Across the state, this was a busy week for wind power in Illinois. Here's a roundup of the stories we missed:
Six Illinois schools to participate in "Wind for Schools" Program - Press Release from WIU
Six middle and senior high schools have been selected from a statewide application process to participate in Illinois Wind for Schools (ILWFS), a program jointly administered by the Illinois Institute for Rural Affairs (IIRA) at Western Illinois University and the Center for Renewable Energy at Illinois State University.
According to IIRA Wind Energy Program Coordinator Jolene Willis, the 2012-2013 ILWFS partner schools include Chicago High School for Agricultural Sciences, Chicago Public Schools #299, Cook County; Southwestern Middle and High School, Southwestern Community Unit School District (CUSD) #9, Macoupin County; Riverview Grade School, Riverview Community Consolidated School District (CCSD) #2, Woodford County; Galva High School, Galva School District #224, Henry County; Astoria Junior High School, Astoria CUSD #1, Fulton County; and Plano High School, Plano CUSD #88, Kendall County.
Willis noted the ILWFS program incorporates wind energy topics into the classroom through on-site training workshops at each partner school; customized curricula and lesson plans; and lab equipment for hands-on activities. Continuing professional development units (CPDUs) are offered for all required teacher-training sessions, she said. According to Matt Aldeman, senior energy analyst for the Center for Renewable Energy at Illinois State University, the program's purpose is to engage Illinois school teachers and students in energy education, specifically targeting wind energy.
Village of Rankin votes to ban turbines within 1.5 miles of town - story from the News Gazette
The village board has passed an ordinance to regulate the construction of wind turbines on farmland immediately outside Rankin's corporate limits.
The ordinance, approved 6-0 last Thursday, amends Rankin's zoning code to give the village regulatory authority over commercial and private wind turbines within 1 1/2 miles of the town.[...]
But board members stressed that the new ordinance does not necessarily ban all turbines within 1 1/2 miles of Rankin. Developers or homeowners could still seek permission from the village to build turbines within that area, trustees noted.
However, during a public hearing held prior to adoption of the ordinance, Butler Township officials expressed concern that some developers might not look to build wind farms in Butler Township if Rankin issues an ordinance that appears to express an opinion against such development.[...]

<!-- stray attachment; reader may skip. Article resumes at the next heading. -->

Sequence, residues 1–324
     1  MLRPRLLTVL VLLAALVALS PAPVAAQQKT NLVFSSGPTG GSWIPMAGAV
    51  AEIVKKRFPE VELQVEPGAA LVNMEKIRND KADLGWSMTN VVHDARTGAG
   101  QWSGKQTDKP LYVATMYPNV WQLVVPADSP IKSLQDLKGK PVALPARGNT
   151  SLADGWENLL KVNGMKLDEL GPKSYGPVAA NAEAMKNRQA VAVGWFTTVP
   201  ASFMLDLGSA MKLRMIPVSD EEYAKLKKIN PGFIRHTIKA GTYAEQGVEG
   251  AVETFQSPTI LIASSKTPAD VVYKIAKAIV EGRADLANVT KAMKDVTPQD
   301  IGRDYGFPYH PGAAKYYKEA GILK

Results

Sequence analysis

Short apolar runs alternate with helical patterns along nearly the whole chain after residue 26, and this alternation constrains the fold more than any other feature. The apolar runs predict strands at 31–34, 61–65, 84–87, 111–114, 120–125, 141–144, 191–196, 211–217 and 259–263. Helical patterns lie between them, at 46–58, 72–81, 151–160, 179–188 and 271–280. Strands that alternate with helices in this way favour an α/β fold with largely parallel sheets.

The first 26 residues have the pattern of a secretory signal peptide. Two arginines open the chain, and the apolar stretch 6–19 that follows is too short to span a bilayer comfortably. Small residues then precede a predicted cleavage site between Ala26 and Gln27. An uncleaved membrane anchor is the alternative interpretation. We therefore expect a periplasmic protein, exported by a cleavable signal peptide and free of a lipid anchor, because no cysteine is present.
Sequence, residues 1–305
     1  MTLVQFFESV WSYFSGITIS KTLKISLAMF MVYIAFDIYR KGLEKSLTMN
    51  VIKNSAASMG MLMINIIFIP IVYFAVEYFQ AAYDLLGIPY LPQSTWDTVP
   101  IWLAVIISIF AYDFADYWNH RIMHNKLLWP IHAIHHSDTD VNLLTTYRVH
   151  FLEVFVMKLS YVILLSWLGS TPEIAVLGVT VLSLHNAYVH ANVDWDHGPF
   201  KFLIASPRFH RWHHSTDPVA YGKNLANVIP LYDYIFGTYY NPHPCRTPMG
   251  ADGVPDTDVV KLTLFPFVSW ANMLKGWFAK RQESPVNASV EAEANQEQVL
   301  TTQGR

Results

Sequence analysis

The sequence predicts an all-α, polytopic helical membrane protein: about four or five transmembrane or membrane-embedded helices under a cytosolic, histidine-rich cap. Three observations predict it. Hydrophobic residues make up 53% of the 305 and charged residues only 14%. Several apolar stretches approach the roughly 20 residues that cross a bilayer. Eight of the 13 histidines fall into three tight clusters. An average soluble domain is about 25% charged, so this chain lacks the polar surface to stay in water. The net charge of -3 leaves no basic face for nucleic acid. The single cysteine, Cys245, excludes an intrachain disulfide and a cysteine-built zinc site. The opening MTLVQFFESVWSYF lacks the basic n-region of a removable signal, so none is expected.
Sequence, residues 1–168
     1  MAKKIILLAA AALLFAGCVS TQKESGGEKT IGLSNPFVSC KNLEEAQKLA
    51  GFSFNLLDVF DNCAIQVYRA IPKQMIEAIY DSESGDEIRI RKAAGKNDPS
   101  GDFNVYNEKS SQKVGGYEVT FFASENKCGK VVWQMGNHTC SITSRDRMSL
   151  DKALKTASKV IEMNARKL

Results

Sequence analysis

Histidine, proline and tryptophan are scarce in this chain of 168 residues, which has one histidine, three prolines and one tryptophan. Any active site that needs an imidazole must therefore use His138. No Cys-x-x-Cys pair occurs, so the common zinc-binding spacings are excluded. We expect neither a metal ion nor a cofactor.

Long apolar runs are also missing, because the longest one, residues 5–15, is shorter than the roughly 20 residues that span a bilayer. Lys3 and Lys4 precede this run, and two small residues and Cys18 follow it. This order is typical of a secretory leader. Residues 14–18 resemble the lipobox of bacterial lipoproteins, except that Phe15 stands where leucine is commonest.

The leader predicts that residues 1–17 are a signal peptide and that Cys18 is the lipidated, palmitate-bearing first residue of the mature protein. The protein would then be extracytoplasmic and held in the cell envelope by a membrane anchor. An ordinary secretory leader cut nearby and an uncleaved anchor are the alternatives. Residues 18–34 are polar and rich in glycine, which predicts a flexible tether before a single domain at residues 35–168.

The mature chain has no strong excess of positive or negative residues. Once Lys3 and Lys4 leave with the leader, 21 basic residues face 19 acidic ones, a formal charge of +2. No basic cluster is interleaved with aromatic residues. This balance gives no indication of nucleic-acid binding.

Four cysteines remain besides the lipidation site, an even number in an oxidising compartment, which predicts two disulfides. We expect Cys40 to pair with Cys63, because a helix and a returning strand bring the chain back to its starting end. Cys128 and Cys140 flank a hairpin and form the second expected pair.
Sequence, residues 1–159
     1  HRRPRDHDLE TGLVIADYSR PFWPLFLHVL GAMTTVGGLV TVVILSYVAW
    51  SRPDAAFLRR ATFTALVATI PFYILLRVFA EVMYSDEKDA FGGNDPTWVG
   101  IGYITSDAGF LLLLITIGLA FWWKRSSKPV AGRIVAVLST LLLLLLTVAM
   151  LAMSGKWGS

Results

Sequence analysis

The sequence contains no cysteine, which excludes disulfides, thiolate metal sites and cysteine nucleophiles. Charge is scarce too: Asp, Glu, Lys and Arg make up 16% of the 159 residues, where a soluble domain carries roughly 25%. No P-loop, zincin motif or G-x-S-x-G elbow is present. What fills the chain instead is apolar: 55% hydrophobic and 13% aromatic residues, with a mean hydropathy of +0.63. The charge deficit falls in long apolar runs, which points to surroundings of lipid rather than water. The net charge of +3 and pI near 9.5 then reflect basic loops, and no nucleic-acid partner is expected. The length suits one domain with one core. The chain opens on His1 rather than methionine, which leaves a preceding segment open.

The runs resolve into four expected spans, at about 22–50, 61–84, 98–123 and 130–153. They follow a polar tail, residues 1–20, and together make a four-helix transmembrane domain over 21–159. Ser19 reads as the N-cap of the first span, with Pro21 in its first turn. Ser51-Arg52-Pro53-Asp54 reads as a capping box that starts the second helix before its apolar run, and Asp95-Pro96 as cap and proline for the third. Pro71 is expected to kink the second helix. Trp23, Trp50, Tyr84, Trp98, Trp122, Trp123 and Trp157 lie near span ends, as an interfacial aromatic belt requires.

Butler Township officials are hopeful a wind farm comes to the township. Such development would bring new property tax revenue to Butler Township that could be used to repair roads and bridges, for example.
At the board's February meeting, Butler Township Supervisor Dave Anderson noted the township's tax base is less than $12 million, but each wind turbine built would add $228,000 to that.
Without increasing the township's tax base, the burden on taxpayers is expected to continue to rise, Anderson said Thursday. Anderson said the township's population has fallen from 1,164 people in 2000 to 992 in 2010.
"We still are collecting the same amount of taxes," but the amount is spread among fewer taxpayers.
Butler Township road commissioner Marvin Rumble urged the village to help the township keep its taxes low by supporting wind-farm growth. Rumble noted that the township has done road work within village limits in recent years because Rankin did not have enough funds available.
"I don't know of any other way," Rumble said. "If you can find a factory or anything else to come in here, I'll support it."
Heartland Community College building on-site wind tubine - story from the Pantagraph
Heartland Community College... now it has its own wind turbine.
It will be about mid-June before the turbine begins delivery of electricity for Heartland to use. But, once it’s in full operation, college officials expect it to generate about half of the 9.2 million kilowatt hours of electricity the college uses annually.
That would be a savings of $320,000 a year, based on the college’s bill in the last fiscal year.
Gamesa seeks clarification from Woodford Co Board - story from the Peoria Journal-Star
Construction on the Minonk Wind Farm is scheduled to begin in less than two weeks, but there is one more thing developers want done as soon as possible.
Attorneys for the major investors want reassurance that recent changes in the county’s zoning ordinance concerning longer setbacks, more restrictions on shadow flicker and other factors will not affect the Minonk project. And they want it in writing, as a text amendment to the county ordinance.
When approached about the guarantee requested by wind farm developer Gamesa, the Woodford County Board was ready to vote on a resolution at its March 22 meeting clarifying the fact that the Minonk Wind Farm would fall under the ordinance in effect prior to Feb. 27 changes. Special use permits for the wind farm were issued prior to those changes. [...]
After a complicated discussion, the committee finally voted on the issue, approving it 3-2, with Rocke, Cremeens and Duane Kingdon voting yes and Huser and Tom Evans voting no.
The text amendment now moves to the Zoning Board of Appeals for review and recommendation to the full county board. The ZBA will likely hold a special meeting to discuss the matter rather than waiting until its regular meeting at the end of April.